Lake Winnipesaukee, New Hampshire
Sunday, August 19, 2007
Half Iron Triathlon
Swim: 1.2 miles – 1 Loop Lake Swim
Bike: 56 miles – 1 Loop Hilly, Challenging
Run: 13.1 miles – 2 Loops Gentle Rollers
188th Place of 1492 Overall
30th Place Age Group M35-39 (18th minus Pros* — key fact, see end)
Splits (Time/Rank of 1492)
Swim: 39:31 / 690
Bike: 2:42:48 (20.6 mph) / 206
T2: 4:10 (Porto-potty stop)
Run: 1:33:08 (7:07 min/mi.) / 79
1 – 7:35
2 – 7:05
3 – 6:59
4 – 6:48
5 – 7:06
6 – 7:15
7 – 7:15
8 – 7:10
9 – 7:04
10 – 7:01
11 – 7:15
12 – 7:02
13.1 – 6:30
This race almost didn’t happen. My heart wasn’t into it. I was dead-legged tired from having run two marathons in the course of two weeks, the last one the prior Sunday. I wanted none other than to end my season now, before I even toed the line at the Timberman 70.3 half Iron triathlon.
After a soul searching conversation with my Ironmate, where she helped me recall the reasons for wanting to do this race in the first place – to lend support to my Tri-club and to be there as my dear friend tackled his first half Iron – I decided to stop thinking about it because, perhaps, I was over-thinking it. With that I finally decided to pack the car and go. Whether I was to race, I at least wanted to be there in support. A part of me, though, knew that if I were to go up to lend support, the lure of participating in such a quality event would be too great. It would certainly draw me in.
Now in the car heading toward the Lakes region of New Hampshire, with the Ironmate staying home to work on the house, I waited for the lure to come. It never did. I was still in the mind-set of “having” to do this race; it wasn’t something I wanted. This concerned me because I knew that without pin-point focus I was only setting myself up for failure.
As the internal battle continued, I somehow knew that I would indeed toe the starting line; that’s when I cursed myself a final time and made a promise to find some quiet time later in the day to reflect and refocus, because the half Iron, I knew, was too grueling a distance to not take seriously. You cannot race a half Iron if your heart isn’t into it.
Three hours later I arrived at Gunstock for Packet Pickup and to cheer on at TimberKids. Not a minute after climbing out of the car, I hear my name. It was my Tri-pal Julie. She was glowing with the excitement of someone on the verge of a life change. About to partake on her first half Iron, her ability to place emotional attachment to it reminded me of myself as I had approached my first half two years earlier. Not long after, I bumped into Stuart and a host of buds from my Tri-club. Everybody was so focused. Except for me.
Gunstock was also site of TimberKids, the kid’s triathlon. One little kid in particular inspired me. This little guy jumped in the water and started swimming with a high stroke rate. A minute later he tuckered and flopped on his back. With still 80% of the distance to go, this little fighter switched to doggie paddle for several minutes, then again to his back, then fought again with doggie paddle and side stroke. At times it appeared he was going under, with his little head the only trace of his body above water. His mom fought the urge to jump in as he punched on. Finally he climbed out of the lake on his own power, without a hand of assistance at any point during the way. Tired and obviously spent and shivering with cold, he fought through that swim the way a single warrior would tackle an army. Little did I know then that the next day I would draw on this little fighter’s spirit to call my own.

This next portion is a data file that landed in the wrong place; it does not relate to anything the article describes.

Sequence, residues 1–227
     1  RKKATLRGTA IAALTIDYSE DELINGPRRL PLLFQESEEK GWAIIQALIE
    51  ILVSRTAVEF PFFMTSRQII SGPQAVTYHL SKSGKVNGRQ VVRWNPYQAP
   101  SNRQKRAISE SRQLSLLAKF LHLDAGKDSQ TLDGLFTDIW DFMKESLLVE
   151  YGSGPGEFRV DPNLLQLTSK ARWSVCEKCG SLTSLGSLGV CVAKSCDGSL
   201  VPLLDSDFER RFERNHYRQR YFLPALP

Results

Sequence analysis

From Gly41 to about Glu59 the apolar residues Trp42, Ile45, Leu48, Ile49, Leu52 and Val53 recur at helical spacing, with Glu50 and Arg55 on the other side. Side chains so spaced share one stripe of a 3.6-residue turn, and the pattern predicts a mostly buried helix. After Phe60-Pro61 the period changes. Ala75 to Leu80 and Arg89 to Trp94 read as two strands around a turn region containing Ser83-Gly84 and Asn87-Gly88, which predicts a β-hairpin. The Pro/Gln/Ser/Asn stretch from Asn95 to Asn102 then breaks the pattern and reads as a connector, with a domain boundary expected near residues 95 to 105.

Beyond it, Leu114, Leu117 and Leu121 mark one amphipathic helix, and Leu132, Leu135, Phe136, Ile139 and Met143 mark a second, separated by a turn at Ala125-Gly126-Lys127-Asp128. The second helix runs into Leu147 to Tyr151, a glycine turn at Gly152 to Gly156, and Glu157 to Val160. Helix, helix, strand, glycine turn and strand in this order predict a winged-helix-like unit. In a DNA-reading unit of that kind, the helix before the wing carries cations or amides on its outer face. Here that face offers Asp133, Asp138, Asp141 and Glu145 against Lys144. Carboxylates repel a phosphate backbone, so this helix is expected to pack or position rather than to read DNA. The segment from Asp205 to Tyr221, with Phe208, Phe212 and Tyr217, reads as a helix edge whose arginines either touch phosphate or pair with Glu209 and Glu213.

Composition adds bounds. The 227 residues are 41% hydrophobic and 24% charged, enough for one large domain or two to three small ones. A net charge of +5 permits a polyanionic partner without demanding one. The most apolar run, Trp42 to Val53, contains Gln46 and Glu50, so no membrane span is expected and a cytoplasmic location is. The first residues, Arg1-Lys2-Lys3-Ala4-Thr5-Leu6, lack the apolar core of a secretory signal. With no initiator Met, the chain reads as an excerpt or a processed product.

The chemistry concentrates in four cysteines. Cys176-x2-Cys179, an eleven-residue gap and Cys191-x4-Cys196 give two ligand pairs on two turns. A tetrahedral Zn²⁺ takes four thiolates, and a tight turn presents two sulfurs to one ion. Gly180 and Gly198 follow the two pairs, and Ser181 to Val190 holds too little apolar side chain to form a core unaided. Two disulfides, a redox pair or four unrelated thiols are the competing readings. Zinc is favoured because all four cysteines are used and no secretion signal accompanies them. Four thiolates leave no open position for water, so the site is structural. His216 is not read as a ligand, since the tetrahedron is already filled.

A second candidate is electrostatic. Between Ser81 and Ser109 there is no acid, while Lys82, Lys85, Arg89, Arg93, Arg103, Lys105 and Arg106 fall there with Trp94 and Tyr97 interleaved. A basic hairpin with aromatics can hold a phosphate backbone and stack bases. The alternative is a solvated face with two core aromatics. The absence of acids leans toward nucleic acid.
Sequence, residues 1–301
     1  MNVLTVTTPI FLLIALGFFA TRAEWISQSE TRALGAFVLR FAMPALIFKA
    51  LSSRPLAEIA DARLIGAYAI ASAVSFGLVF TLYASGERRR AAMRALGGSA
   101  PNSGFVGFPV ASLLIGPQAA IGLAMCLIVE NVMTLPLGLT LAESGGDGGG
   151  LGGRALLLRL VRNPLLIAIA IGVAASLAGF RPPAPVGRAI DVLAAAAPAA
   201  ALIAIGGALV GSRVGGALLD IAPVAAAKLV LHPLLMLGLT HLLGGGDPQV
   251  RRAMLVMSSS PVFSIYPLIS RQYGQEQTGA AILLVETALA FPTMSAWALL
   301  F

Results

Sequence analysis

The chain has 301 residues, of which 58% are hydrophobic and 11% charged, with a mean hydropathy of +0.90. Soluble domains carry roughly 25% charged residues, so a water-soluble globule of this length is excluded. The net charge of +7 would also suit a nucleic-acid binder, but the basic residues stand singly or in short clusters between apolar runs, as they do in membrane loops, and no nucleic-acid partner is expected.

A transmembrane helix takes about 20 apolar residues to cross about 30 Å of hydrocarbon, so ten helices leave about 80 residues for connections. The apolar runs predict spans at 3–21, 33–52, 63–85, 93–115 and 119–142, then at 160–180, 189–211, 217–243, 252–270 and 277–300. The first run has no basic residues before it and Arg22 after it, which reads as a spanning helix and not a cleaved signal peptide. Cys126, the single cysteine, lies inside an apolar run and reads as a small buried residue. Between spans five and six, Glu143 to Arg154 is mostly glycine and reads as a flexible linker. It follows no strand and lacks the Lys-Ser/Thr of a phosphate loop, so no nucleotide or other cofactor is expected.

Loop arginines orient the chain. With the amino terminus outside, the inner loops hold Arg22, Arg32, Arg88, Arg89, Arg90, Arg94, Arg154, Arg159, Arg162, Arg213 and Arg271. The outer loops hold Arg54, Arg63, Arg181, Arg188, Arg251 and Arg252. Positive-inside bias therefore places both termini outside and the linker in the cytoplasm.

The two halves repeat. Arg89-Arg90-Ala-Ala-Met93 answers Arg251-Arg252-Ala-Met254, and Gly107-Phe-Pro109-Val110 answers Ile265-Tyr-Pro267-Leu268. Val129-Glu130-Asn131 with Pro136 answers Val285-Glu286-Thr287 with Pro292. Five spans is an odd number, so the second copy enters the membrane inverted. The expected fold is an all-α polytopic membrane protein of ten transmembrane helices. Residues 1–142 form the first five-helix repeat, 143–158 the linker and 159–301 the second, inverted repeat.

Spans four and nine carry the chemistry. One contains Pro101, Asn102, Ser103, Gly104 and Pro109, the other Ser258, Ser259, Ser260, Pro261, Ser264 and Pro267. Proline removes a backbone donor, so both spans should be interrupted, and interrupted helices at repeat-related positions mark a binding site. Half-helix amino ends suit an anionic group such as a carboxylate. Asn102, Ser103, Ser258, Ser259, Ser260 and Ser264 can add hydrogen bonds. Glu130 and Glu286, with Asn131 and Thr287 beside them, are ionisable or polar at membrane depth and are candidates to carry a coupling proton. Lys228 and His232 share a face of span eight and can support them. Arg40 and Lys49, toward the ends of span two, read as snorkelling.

After TimberKids, I hopped back in the car for the drive over to race site at Ellacoya State Park to drop my bike off in Transition. It was then when I realized that it wasn’t that I didn’t want to race; it was that I was too tired to perform well, and since I wanted a Sub-5 hour half Iron, and since Timberman was a tough course with great hills, I knew I wouldn’t get that dream on tired legs. And since I didn’t think I’d get Sub-5, and since I had an amazing season to date, I didn’t need to do this race, nor did I want to end it on a bad note.
Just after I checked my bike in to Transition at Ellacoya, I bumped into my swim partners Adam and Chris, both of whom had completed Ironman Lake Placid a month earlier in inspiring fashion – they, as husband and wife, did the entire race, including crossing the finish, together. After congratulatory hugs, Adam gave me a healthy shot of focus by way of an encouraging tip that he made sound as if a sure thing. If I went Sub-5, he told me, or “come damn close,” there were a few things I could do to become a champion in certain circles.
That’s when the focus returned – for good. I knew Sub-5 would be tough, but I figured if I gave it my all and pushed the bike, if there would be any run in my legs once I got off the bike, I might – I just might – be able to declare myself a world champ.
My heart was finally into it.
After a solid night’s sleep, the alarm on my Timex Ironman chimed me awake at 4:45AM. Down with a PowerBar and banana and plenty of water, and on with race morning clothes, I was in the car heading for race site. After a quick stop for coffee, I finally made it to Ellacoya and promptly set up Transition with little time to spare. Wanting to do well but not caring if I crashed and burned, I had not a nervous twitch in my body.